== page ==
Jump to content
  • Welcome to the eG Forums, a service of the eGullet Society for Culinary Arts & Letters. The Society is a 501(c)3 not-for-profit organization dedicated to the advancement of the culinary arts. These advertising-free forums are provided free of charge through donations from Society members. Anyone may read the forums, but to post you must create a free account.

Moving on out....


Recommended Posts

I'm finally taking the plunge to move out of London and have decided on N. Essex of all places (actually very picturesque and a short commute to the City).

However, none of the guides I have seen show much in Essex at all other than the odd pub.

Anybody got any recommendations esepcially round Chelmsford/Colchester?

Gav

"A man tired of London..should move to Essex!"

Link to comment
Share on other sites

North Essex is much under-rated, some lovely villages and decent pubs, a world away from the Thames estuary. But it is a bit of a gastronomic desert, lots of stuff that's OK but nothing special. On that front the Dickens Brasserie in Wethersfield, near Braintree, tends to be better than most. Mabey's Brasserie just over the border in Sudbury also used to be good but not sure what it is like now he has moved his main operation to Aldburgh.

Edited by britcook (log)
Link to comment
Share on other sites

Try the White Hart at Nayland which is owned by Roux and staffed from the Waterside

The White Hart Inn High Street Nayland CO6 4JF Great Britain Tel: +44 (0) 1206 263382

Also two pubs in Stoke by Nayland The Angel and The Crown? I cant remember exactly.

Farmhouse Feast restaurant, The Street, Roxwell, Chelmsford, Essex. Tel: 01245

248583 used to be great for having what was essentially home cooking in a very small restaurant but havent been for a while.

The White Hart at Great Yeldham Lovely old building great gardens and good food not overly fancy. 01787 237250 CO94HJ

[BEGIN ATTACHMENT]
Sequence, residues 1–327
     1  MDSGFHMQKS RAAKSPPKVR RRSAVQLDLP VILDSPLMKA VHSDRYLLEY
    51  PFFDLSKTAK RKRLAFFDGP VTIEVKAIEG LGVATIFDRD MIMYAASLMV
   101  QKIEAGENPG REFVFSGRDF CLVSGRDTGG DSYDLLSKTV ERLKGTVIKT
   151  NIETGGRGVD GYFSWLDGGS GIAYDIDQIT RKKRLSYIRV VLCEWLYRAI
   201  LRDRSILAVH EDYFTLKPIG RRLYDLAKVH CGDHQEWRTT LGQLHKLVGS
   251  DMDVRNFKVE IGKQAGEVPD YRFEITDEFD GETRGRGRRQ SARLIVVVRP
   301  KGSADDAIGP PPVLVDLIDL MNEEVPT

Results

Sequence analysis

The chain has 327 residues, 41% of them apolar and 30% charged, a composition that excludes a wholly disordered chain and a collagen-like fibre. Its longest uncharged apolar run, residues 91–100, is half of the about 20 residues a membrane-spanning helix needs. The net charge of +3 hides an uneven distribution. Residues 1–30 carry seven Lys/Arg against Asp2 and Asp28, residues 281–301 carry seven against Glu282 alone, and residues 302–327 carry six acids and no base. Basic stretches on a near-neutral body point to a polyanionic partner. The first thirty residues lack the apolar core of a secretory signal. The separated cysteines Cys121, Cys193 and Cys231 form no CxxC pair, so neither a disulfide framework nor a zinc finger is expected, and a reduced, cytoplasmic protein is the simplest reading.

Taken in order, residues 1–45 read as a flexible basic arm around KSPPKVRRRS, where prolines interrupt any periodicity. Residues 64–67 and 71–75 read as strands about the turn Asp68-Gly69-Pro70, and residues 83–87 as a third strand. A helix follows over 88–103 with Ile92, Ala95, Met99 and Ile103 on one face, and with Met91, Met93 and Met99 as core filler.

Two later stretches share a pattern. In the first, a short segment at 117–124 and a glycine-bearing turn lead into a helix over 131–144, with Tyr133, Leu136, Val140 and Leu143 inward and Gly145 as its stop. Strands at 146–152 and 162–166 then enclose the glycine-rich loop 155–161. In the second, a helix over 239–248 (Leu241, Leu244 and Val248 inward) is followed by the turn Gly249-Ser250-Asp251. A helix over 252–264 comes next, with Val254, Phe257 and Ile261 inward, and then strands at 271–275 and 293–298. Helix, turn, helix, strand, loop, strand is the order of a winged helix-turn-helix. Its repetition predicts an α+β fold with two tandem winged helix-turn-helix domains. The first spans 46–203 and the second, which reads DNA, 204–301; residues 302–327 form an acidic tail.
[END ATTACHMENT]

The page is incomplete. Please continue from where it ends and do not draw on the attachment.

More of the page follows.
The George Cavendish (just in Suffolk) 01787 280248 CO10 8BA Gastro pub but good.

The Company Shed, West Mersey for oysters etc.

Just a few sugestions to keep you going.

Link to comment
Share on other sites

Thanks for the suggestions...I'll let you know once I'm up there.

In the meantime, a plug for the Compasses in Pattiswick between Braintree and Coggeshall which seemed to be an enjoyable country gastropub with good wine list but it has closed for a major refurbishment due for opening in September.

Gav

"A man tired of London..should move to Essex!"

Link to comment
Share on other sites

  • 2 months later...

Try this place in Chelmsford - its really rather good - don't be put off by the setting (not especially interesting looking hotel) - the guy can really cook!

www.countyhotel-essex.co.uk

PS I'm the restaurant reviewer for an Essex Magazine - here's what I had to say about The County a few months ago:

THE RESTAURANT AT THE COUNTY

CLASSIC BRITISH FOOD IN A MODERN STYLE

“If this restaurant was in London, Gary Rhodes would have a run for his money”

Something a little further afield from our usual stomping ground this month – a trip out to Chelmsford for a visit to “The Restaurant at the County”. I’ll cut to the chase – this is a really fine restaurant. If you lively locally, then lucky you! If you don’t - look it up on the map (there are directions at the website) and head out here as soon as you can.

‘The County’ is in fact part of a privately-owned hotel of the same name. The restaurant accurately describes its menu as ‘classic British food in a modern style’. Dishes change with the seasons, so in winter months you might be lucky enough to find ‘a salad of English Cox’s apple, with celeriac, walnuts and Montgomery cheddar’ (£4.95), or ‘Battered Lowestoft Cod with mushy peas and hand-cut chips’ (£10.75). We gave both of these a try. A perfect winter salad, clearly prepared to order - crisp seasonal apples, crunchy shredded celeriac in a light mayonnaise, and a wonderfully mature cheddar (all the cheeses are British and supplied by Neals Yard Dairy in Covent Garden). A thick chunk of cod was encased in perfect batter, balanced precariously on a lattice of thick, chunky homemade chips. Delicious. ‘Potato and nettle soup’ (£4.75) was uncomplicated and all the better for it. ‘Traditional Irish Stew with Spring Greens’ (£11.25) had a school-dinnerish look – but then its supposed to look like that – and the meltingly tender shoulder of lamb was cooked on the bone as it should be.